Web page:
Author Affiliations: Department of Otolaryngology, Far Eastern Memorial Hospital, Taipei, Taiwan.
We read with great interest the article titled “Local Steroid Injection via the Cricothyroid Membrane in Patients With a Vocal Nodule” by Lee et al.1 In this article, the authors demonstrated the clinical usefulness of vocal fold steroid injection in 80 patients with vocal nodules. The treatment outcomes were quite satisfactory: the nodules disappeared in 44% of the patients and improved in 49%. Subjective assessment using a voice handicapped index also showed a significant improvement in each of the 3 domains. Also, the authors reported significant improvements between the preoperative and the postoperative phonatory results, including jitter, shimmer, noise to harmony ratio (NHR), average fundamental frequency, and maximum phonation time. However, on closer inspection, there were potentially incorrect data. First, because the NHR represents a fraction of noise energy over harmonic energy, it is unlikely to result in a value greater than 1. According to the normative data provided in the multidimensional voice program,2 the mean (SD) of the NHR was 0.112 (0.009) and 0.122 (0.014) for female and male patients, respectively. Similarly, the reported data for the mean (SD) shimmer were unusually low when compared with the normative data from the multidimensional voice program: 1.997 (0.791) for female patients and 2.523 (0.997) for male patients. Interestingly, when the data for the shimmer and the NHR are substituted for one another, the results seem more reasonable and closer to what we usually get from an acoustic analysis. Therefore, we recommend that the authors take another look at the original data and correct any mistakes in the phonatory results that might have occurred.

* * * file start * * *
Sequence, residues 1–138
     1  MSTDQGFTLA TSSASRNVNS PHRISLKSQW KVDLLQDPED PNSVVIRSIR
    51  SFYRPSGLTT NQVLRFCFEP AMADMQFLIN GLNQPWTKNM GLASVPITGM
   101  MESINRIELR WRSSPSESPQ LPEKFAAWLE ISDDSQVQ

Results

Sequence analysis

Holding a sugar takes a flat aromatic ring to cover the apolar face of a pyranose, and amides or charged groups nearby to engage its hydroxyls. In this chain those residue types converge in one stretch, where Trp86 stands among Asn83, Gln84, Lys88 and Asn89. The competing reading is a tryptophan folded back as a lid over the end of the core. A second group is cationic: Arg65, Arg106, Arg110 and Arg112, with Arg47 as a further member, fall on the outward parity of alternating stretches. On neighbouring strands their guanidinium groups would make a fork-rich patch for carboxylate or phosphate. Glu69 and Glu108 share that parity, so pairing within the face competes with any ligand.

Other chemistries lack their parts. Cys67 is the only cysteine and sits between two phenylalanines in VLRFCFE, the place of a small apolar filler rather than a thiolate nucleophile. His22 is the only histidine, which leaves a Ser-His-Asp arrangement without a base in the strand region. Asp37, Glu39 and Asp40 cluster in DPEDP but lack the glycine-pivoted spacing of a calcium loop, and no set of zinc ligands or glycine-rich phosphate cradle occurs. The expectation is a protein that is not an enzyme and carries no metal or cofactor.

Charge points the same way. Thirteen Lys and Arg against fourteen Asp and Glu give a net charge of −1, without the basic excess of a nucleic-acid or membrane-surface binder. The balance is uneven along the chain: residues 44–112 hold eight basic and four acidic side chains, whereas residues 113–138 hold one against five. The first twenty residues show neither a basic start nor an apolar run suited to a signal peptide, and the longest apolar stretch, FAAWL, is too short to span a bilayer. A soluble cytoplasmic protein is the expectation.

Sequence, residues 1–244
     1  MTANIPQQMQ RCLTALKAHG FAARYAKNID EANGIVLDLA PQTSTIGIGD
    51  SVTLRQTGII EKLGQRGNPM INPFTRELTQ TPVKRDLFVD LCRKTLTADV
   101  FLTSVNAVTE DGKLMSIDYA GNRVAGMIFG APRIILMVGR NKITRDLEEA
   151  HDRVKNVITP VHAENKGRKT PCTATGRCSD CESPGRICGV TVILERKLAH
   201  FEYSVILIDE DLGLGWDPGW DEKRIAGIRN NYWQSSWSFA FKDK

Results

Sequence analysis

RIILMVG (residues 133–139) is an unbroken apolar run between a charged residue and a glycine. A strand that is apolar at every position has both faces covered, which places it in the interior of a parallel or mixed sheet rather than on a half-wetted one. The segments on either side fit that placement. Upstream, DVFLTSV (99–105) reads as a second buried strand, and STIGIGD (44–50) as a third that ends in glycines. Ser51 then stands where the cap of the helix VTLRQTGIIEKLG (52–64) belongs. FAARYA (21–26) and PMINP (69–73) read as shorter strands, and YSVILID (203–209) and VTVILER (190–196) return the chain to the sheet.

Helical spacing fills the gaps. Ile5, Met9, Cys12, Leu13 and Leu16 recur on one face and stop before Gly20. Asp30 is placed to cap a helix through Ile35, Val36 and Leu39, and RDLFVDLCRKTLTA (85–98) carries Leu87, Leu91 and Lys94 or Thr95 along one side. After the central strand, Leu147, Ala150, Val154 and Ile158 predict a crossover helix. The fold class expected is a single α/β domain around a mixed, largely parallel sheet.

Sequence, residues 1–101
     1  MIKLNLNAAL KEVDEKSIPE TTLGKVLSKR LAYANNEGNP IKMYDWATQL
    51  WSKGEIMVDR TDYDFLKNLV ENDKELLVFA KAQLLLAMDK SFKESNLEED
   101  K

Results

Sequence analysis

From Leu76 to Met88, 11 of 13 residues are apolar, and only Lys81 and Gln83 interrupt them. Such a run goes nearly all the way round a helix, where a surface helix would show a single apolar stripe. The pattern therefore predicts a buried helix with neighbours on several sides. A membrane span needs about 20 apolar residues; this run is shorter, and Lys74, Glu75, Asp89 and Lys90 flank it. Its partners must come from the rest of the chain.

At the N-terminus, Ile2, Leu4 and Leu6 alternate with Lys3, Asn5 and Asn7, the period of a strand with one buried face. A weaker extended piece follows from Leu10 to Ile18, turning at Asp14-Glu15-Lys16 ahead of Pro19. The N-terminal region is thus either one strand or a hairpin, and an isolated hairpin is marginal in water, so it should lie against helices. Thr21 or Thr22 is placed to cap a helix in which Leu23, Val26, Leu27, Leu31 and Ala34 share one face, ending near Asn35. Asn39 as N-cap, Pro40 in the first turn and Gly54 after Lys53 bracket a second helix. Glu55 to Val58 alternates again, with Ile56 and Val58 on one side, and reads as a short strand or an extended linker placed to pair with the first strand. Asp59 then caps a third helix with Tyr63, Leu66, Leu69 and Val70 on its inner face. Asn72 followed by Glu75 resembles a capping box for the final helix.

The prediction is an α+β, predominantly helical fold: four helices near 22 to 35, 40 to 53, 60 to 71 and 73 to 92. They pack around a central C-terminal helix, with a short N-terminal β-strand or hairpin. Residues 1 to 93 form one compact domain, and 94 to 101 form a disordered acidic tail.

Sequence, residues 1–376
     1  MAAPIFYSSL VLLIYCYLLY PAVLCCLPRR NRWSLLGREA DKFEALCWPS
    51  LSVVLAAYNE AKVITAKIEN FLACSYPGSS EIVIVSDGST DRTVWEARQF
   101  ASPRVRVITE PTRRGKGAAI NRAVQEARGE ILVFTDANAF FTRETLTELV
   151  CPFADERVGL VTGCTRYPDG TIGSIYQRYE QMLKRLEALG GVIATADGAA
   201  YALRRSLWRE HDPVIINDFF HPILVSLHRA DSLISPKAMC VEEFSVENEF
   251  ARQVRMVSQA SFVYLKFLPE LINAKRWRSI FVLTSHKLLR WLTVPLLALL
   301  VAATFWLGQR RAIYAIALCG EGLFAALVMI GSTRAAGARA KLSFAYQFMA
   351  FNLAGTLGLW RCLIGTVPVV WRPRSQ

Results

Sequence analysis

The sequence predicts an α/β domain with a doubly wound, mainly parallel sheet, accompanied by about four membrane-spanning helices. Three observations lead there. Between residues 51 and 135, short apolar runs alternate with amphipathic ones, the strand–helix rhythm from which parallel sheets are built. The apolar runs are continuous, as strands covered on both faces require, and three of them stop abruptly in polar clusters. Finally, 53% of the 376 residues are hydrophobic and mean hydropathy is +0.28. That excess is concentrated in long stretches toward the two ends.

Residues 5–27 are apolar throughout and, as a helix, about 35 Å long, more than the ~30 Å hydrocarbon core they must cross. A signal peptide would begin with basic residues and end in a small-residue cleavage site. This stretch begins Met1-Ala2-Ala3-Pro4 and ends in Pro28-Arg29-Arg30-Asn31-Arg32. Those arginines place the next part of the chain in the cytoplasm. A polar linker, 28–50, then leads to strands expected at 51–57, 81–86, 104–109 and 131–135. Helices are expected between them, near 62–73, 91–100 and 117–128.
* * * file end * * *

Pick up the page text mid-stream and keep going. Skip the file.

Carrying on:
Chen C, Fang K. Potential Errors in Phonatory Results. Arch Otolaryngol Head Neck Surg. 2012;138(6):608. doi:10.1001/archoto.2012.904
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